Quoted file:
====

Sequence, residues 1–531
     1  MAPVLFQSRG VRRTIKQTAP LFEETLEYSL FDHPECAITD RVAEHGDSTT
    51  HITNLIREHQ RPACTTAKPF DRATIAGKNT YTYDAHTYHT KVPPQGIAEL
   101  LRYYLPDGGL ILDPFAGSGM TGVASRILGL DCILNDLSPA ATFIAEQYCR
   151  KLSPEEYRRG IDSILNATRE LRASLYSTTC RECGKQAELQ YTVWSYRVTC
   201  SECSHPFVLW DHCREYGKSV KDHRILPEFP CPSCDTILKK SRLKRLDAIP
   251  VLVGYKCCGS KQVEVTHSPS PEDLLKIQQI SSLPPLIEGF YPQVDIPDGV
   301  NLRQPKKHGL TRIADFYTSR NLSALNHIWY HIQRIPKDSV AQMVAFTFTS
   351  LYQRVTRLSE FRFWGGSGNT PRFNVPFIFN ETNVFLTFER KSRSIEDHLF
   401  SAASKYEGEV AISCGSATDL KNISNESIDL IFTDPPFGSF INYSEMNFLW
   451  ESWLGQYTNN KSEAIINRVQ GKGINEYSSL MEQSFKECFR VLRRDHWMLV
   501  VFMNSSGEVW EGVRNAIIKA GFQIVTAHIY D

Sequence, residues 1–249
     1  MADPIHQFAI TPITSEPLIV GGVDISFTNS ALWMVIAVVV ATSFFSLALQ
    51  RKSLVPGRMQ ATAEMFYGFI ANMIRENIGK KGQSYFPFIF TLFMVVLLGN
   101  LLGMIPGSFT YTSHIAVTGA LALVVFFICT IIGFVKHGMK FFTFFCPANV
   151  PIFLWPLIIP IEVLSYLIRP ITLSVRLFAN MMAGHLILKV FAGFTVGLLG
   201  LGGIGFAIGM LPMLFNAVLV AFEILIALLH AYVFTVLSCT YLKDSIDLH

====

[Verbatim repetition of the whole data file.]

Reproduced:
Sequence, residues 1–531
     1  MAPVLFQSRG VRRTIKQTAP LFEETLEYSL FDHPECAITD RVAEHGDSTT
    51  HITNLIREHQ RPACTTAKPF DRATIAGKNT YTYDAHTYHT KVPPQGIAEL
   101  LRYYLPDGGL ILDPFAGSGM TGVASRILGL DCILNDLSPA ATFIAEQYCR
   151  KLSPEEYRRG IDSILNATRE LRASLYSTTC RECGKQAELQ YTVWSYRVTC
   201  SECSHPFVLW DHCREYGKSV KDHRILPEFP CPSCDTILKK SRLKRLDAIP
   251  VLVGYKCCGS KQVEVTHSPS PEDLLKIQQI SSLPPLIEGF YPQVDIPDGV
   301  NLRQPKKHGL TRIADFYTSR NLSALNHIWY HIQRIPKDSV AQMVAFTFTS
   351  LYQRVTRLSE FRFWGGSGNT PRFNVPFIFN ETNVFLTFER KSRSIEDHLF
   401  SAASKYEGEV AISCGSATDL KNISNESIDL IFTDPPFGSF INYSEMNFLW
   451  ESWLGQYTNN KSEAIINRVQ GKGINEYSSL MEQSFKECFR VLRRDHWMLV
   501  VFMNSSGEVW EGVRNAIIKA GFQIVTAHIY D

Sequence, residues 1–249
     1  MADPIHQFAI TPITSEPLIV GGVDISFTNS ALWMVIAVVV ATSFFSLALQ
    51  RKSLVPGRMQ ATAEMFYGFI ANMIRENIGK KGQSYFPFIF TLFMVVLLGN
   101  LLGMIPGSFT YTSHIAVTGA LALVVFFICT IIGFVKHGMK FFTFFCPANV
   151  PIFLWPLIIP IEVLSYLIRP ITLSVRLFAN MMAGHLILKV FAGFTVGLLG
   201  LGGIGFAIGM LPMLFNAVLV AFEILIALLH AYVFTVLSCT YLKDSIDLH